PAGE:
10 Million Pounds of Toxic Waste Headed to Oak Ridge for Disposal

By: Whitney Daniel
By: Whitney Daniel

Oak Ridge, Anderson County (WVLT) - For more than a decade, the incinerator at the former K-25 site in oak Ridge has been a source of controversy.

And a new announcement from the Department of Energy and the state could fuel that debate for at least the next few years.

In the next three years the Department of Energy will burn more than 10 million pounds of waste at the Oak Ridge incinerator.

It works like a trade off. Some doe sites send their waste here and in tern this site sends its waste to other sites.

Energy officials and watchdog groups say don't worry, several studies including one done in 1998 at request of the governor shows no signs of danger to you.

One of a kind, the TSCA incinerator is the only place in the country that treats hazardous and mixed wastes.

"This is the facility intent on destroying hazardous materials brought here with any remains or residuals going to a permanent facility in Utah," says Walter Perry from the Department of Energy.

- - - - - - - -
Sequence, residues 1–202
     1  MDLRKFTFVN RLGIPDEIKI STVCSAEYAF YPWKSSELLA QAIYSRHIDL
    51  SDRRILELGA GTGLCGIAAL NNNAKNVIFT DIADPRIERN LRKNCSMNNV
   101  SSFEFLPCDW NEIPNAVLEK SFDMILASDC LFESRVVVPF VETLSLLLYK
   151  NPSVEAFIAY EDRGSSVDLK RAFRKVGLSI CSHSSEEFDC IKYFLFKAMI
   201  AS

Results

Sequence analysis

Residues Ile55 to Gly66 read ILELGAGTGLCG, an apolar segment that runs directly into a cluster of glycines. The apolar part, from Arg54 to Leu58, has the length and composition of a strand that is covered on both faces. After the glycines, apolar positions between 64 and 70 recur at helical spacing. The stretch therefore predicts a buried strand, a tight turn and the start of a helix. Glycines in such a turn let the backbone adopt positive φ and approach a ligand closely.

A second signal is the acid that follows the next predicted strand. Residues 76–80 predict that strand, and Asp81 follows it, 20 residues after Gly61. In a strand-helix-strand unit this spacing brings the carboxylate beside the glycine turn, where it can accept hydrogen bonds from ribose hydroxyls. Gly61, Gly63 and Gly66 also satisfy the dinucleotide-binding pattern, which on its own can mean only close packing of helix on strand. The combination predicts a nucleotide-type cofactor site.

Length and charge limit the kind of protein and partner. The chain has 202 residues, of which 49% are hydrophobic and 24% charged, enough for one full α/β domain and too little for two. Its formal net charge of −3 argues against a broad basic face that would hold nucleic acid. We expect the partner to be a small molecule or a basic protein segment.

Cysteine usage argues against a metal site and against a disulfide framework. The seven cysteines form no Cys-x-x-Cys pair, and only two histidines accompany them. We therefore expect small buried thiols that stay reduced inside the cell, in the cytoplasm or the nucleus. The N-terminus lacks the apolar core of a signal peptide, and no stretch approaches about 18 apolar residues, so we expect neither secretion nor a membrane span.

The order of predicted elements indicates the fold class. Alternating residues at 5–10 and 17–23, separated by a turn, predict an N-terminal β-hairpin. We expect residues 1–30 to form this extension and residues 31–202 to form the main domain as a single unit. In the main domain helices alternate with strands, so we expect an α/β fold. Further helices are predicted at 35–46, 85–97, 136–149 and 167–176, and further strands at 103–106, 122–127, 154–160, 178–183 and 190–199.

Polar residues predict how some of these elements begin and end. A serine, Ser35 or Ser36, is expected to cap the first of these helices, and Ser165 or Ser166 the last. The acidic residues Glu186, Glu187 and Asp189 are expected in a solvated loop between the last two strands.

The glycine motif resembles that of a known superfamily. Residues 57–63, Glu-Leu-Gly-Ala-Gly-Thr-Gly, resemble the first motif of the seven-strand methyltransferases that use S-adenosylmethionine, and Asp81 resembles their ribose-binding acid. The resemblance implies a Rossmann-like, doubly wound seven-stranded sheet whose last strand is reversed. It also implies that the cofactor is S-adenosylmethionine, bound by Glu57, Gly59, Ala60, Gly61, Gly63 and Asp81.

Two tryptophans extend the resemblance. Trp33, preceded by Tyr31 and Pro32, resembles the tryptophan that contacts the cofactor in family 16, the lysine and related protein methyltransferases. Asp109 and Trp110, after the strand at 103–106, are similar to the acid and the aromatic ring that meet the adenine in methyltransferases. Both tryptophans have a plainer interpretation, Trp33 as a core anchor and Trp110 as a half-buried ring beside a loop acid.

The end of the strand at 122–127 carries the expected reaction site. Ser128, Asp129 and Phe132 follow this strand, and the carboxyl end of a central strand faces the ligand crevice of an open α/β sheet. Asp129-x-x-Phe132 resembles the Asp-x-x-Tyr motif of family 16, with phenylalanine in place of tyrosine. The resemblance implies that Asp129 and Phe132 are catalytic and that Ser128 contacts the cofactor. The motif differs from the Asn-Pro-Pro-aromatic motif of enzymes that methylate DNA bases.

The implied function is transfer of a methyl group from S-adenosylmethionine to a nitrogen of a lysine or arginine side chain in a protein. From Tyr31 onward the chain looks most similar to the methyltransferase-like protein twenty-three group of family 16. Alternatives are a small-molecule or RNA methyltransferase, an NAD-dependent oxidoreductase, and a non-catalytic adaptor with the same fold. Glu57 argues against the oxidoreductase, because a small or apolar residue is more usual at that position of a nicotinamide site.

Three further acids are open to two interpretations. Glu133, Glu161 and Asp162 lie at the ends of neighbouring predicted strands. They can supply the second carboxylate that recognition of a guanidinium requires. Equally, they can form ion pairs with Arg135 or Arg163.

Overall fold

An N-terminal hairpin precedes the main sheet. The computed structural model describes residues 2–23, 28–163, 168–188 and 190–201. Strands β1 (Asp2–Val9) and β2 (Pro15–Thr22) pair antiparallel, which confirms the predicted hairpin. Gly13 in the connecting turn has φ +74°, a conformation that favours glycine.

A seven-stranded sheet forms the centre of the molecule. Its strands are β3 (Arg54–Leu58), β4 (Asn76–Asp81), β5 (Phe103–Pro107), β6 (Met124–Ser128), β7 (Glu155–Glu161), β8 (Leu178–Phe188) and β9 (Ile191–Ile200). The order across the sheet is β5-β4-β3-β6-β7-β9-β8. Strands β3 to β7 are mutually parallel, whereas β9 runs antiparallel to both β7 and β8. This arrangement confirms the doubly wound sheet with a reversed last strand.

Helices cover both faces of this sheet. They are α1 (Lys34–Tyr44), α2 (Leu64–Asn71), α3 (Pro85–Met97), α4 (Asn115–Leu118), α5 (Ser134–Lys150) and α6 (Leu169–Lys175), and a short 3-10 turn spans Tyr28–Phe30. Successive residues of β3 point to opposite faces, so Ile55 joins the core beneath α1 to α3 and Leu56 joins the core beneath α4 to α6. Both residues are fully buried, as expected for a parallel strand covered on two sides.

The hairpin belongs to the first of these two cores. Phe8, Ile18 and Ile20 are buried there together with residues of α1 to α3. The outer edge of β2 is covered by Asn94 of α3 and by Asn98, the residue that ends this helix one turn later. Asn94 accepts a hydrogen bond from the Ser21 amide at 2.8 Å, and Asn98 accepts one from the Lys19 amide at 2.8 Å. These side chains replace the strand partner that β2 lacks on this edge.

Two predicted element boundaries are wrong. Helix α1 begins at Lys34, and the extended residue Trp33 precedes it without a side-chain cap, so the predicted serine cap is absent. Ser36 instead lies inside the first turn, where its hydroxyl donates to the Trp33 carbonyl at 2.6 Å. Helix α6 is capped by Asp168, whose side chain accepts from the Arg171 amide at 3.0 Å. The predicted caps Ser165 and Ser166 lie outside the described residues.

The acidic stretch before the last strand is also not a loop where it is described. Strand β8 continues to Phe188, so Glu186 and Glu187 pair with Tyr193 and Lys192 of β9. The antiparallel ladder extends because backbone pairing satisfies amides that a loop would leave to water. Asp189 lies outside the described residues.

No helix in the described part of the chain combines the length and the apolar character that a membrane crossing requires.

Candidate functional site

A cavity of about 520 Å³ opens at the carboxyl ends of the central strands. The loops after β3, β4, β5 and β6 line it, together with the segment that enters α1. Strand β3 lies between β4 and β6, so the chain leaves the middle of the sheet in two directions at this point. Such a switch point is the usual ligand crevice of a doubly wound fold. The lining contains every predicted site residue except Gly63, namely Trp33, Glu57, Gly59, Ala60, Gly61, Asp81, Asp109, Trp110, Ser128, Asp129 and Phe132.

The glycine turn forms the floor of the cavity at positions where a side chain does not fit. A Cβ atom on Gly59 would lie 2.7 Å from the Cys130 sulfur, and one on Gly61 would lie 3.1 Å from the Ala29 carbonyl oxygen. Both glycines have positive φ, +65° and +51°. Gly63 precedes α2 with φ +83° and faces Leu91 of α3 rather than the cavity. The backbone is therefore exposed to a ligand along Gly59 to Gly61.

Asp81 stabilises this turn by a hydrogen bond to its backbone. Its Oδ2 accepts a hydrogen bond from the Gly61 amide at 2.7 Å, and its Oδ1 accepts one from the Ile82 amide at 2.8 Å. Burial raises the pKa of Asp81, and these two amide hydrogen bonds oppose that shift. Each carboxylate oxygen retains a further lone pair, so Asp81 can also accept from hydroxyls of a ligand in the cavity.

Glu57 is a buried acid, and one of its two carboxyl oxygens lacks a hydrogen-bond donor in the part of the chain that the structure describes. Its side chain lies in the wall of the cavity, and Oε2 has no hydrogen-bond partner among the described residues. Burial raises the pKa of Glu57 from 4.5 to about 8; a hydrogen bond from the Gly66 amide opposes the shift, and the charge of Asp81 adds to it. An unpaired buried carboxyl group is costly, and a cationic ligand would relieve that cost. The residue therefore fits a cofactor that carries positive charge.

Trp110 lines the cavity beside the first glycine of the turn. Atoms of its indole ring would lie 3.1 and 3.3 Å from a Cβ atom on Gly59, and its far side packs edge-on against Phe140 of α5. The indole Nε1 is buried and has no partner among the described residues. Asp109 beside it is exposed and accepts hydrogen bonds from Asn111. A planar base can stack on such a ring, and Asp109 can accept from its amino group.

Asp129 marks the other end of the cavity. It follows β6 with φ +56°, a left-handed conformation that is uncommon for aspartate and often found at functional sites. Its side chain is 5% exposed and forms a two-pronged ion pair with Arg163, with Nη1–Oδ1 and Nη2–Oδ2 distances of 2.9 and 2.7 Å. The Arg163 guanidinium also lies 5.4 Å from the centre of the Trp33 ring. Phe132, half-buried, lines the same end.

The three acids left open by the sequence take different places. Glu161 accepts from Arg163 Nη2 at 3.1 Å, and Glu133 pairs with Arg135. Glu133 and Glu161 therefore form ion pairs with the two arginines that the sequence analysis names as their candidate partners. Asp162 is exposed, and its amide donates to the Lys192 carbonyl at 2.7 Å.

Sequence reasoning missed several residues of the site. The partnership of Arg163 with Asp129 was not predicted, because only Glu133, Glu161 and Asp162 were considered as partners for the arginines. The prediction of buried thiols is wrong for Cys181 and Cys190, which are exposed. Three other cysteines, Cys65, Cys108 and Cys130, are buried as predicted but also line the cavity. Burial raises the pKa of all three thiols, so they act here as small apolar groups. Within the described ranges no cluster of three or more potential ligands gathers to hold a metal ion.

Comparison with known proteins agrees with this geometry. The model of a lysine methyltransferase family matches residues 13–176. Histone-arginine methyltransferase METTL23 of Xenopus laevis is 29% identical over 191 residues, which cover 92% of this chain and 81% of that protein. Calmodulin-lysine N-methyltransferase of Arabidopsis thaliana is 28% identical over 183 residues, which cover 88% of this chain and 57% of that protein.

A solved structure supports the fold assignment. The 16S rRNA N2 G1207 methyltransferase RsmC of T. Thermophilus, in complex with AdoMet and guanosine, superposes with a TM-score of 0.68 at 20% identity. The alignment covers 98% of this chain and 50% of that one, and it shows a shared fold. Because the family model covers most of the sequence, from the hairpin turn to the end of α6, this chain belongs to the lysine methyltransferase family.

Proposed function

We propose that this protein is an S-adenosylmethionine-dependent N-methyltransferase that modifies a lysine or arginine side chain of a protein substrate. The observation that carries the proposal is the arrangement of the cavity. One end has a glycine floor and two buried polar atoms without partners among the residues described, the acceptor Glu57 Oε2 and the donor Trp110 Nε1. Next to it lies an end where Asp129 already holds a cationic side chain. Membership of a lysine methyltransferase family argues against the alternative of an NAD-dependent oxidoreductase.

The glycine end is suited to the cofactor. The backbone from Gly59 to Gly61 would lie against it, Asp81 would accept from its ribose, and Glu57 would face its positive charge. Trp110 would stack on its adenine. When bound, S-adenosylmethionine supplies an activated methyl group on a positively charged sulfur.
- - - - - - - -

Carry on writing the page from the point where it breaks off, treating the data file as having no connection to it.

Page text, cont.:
Here in Oak Ridge the facility creates some concern. That's where oversight factors into the equation.

"No, we don't take DOE's word for it. We've done an independent study ourselves," Susan Gawarecki works with the local oversight committee, representing the City of Oak Ridge and 7 other counties.

"Our organization puts us at looked at risk for assessment in a lot of detail and don't think the emissions are harmful," says Gawarecki.

The State Oversight Committee agrees. Saying the incinerator has not exceeded any permit limits to date.

"We believe its a safe way and an effective way to treat this waste and in fact its the only incinerator in the country that treats the type of waste the incinerator treats," says Tisha Calabrese-Benton, from the state oversight committee.

That's why even watchdog groups say it makes sense to keep it running.

"I think its fair you send waste where it best treated and you try to be equitable in the DOE system," says Calabrese-Benton.

And the DOE says don't worry they're keeping your safety in mind everyday.

"We would not operate this facility on a day to day basis if we could not do it safely," says Perry.

Some say they would like to see the state complete the permit process. The doe keeps renewing it because if waste isn't treated it has to be stored at that is not the best option.


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